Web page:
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Erythroxylum australe (seed)

5.0 (1 review)




A member of the Erythroxylaceae family, E. australe is a shrub or small tree in dry rainforest north from the McPherson Range (NSW/QLD border). It also occurs in the Northern Territory. One or two sub-species possibly exist, one is Erythroxylum sp. ‘Splityard Creek’ which has wider leaves and veins which do not loop as much as E. australe. Erthroxylum ellipticum and Erythroxylum ecarinatum (rare and endangered) are other native Erthroxylum species which occur in North Queensland. Other as yet unnamed species are Erythroxylum sp. Brewer LA (B.Hyland 13373), Erythroxylum sp. Mosquito Point (J.R.Clarkson 9991) and Erythroxylum sp. Cholmondely Creek (J.R.Clarkson 9367).

Native Erythroxylum species are supposedly illegal in some states, notably NSW; what a ridiculous and stupid notion!

The leaves of E. australe contain Meteloidine, a tropane alkaloid also present in Datura metel. Chewing of the leaves is said to produce an unpleasant constriction of the throat, whilst smoking the leaves produces a pleasant (?) effect similar to but milder than Datura sp. The roots of E. australe contain Dihydroxytropacocaine and Methylecgonidine which are likely to be active in some way. The roots give off an unusual but somewhat pleasant smell when potting up plants.

Care and Cultivation of Erythroxylum australe

Propagation of Erythroxylum australe is by seed, cuttings appear to be very hard or impossible to strike. The ripe red or orange fruit contain one seed and tastes sweet, being sought after by birds. The seed is removed from the flesh and planted (see notes below about germination).

A common misconception that people approach us with, who only go by what they have read online about other exotic recalcitrant Erythroxylum spp., is that once the seeds are dried, they will not germinate (ie. they assume this species is recalcitrant, which means if they dry out the embryo will die). This is simply not the case with the Australian Erythroxylum I have grown, both E. australe and ‘Splityard Creek’. These species are highly adapted to Australian conditions, where we have extended dry periods. It makes no sense when they are widely spread in forests with variable rainfall, for them to have recalcitrant seeds. In my experience the seeds are viable for at least 1-3 months stored simply, but when stored under cool conditions, this is extended to 6-12 months, possibly more. This is my experience and observation!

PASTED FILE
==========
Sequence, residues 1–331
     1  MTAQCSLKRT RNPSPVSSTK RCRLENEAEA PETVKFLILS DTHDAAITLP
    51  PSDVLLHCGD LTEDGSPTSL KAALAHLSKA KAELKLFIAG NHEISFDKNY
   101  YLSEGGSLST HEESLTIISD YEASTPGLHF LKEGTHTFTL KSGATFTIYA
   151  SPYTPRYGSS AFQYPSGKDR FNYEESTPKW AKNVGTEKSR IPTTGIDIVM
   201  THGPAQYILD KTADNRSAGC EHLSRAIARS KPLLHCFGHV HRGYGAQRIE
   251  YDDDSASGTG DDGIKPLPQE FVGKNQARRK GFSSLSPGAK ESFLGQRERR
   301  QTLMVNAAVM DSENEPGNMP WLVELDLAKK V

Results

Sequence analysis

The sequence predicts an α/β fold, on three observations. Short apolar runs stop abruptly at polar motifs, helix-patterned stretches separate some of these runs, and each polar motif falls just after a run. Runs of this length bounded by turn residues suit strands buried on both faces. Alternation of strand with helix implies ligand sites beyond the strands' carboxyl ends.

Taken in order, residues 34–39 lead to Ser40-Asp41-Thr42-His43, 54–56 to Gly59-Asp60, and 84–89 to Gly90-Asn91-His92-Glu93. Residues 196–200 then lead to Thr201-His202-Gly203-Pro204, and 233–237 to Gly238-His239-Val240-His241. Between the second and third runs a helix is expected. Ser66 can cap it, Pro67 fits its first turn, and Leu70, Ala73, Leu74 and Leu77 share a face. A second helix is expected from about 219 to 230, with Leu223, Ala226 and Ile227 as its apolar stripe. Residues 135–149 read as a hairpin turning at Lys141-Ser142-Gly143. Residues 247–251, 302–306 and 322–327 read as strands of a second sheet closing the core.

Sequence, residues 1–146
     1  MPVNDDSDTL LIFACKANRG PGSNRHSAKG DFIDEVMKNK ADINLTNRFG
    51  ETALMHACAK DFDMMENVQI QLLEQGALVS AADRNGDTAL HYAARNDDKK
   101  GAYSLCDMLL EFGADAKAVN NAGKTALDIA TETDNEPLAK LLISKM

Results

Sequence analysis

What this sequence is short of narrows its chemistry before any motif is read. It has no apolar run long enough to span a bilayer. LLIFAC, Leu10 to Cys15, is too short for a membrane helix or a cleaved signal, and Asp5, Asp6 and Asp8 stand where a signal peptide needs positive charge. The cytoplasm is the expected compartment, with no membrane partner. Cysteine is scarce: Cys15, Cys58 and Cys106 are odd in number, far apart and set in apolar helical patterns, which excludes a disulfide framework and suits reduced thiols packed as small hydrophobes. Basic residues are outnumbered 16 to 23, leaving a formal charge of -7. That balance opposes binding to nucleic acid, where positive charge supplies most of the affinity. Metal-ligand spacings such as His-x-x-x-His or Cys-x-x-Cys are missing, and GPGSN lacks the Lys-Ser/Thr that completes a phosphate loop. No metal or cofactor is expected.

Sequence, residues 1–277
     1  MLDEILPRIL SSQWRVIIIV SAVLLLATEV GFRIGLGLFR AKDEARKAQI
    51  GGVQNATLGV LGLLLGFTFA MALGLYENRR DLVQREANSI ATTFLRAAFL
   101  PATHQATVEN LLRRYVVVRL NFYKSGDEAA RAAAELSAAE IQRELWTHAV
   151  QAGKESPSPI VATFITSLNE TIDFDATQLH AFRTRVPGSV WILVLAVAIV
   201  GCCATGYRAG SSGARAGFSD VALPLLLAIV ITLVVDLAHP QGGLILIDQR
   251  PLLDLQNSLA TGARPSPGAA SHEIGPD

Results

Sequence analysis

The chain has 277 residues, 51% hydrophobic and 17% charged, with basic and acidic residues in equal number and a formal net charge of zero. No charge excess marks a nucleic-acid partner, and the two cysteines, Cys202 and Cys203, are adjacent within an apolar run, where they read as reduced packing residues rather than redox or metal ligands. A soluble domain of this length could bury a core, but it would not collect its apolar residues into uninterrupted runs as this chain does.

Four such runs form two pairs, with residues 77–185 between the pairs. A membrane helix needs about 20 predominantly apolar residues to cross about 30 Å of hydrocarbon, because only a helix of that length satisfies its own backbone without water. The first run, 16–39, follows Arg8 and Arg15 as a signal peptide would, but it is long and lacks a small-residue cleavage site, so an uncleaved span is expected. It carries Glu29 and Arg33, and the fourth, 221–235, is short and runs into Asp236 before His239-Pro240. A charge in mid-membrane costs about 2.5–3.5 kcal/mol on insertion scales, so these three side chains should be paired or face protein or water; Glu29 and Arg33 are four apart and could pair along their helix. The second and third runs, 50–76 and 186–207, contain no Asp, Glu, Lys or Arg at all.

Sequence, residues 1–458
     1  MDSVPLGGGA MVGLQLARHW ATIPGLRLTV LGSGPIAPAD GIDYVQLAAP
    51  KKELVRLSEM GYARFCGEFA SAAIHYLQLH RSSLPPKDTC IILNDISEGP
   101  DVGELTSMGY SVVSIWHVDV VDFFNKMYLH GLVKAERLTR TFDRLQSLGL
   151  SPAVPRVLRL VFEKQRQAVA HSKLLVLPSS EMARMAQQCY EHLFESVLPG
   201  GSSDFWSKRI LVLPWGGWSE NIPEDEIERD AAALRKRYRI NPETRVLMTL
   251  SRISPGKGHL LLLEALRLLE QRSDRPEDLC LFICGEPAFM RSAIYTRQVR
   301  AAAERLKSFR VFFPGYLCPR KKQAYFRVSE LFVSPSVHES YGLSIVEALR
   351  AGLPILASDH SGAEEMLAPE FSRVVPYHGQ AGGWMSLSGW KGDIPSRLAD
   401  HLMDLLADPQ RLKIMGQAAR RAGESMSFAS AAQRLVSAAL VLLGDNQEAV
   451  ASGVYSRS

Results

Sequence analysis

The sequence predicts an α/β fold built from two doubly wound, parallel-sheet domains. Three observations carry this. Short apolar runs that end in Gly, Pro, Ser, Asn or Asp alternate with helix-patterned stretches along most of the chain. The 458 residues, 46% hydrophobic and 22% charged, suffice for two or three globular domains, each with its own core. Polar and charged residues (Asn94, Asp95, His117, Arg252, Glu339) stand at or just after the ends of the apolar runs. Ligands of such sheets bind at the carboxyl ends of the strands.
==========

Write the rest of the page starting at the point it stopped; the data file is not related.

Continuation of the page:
Soak seed overnight in 1-2 changes of water before sowing. Sow 0.5-1cm deep in a rich moist potting mix in full sun to part shade in the warmer months. I cover the seeds with 1-2mm pumice, you could also use a coarse sand. Germination should occur within 21 days if sown in spring, but can take up to 3-9 months. If you haven’t noticed any germinations after 3-6 months, you can let the soil dry out, then start watering again. This often stimulates germination. Once they are big enough, they can be potted up separately or planted out.

Erythroxylum australe is a tough little Australian shrub. In times of wet it looks luxuriant, but in times of drought it will shed the majority of its leaves and become dormant. These plants make a handsome addition to the garden and can be pruned, fertilised and watered regularly to maintain an attractive habit. Well drained soil in a full sun to part shade position.

5 seeds per packet

1 review for Erythroxylum australe (seed)

  1. JAH

    Quality seed strong healthy plants once germinated. Seemed to benefit from drying the soil out and scratching the surface after keeping moist for a period

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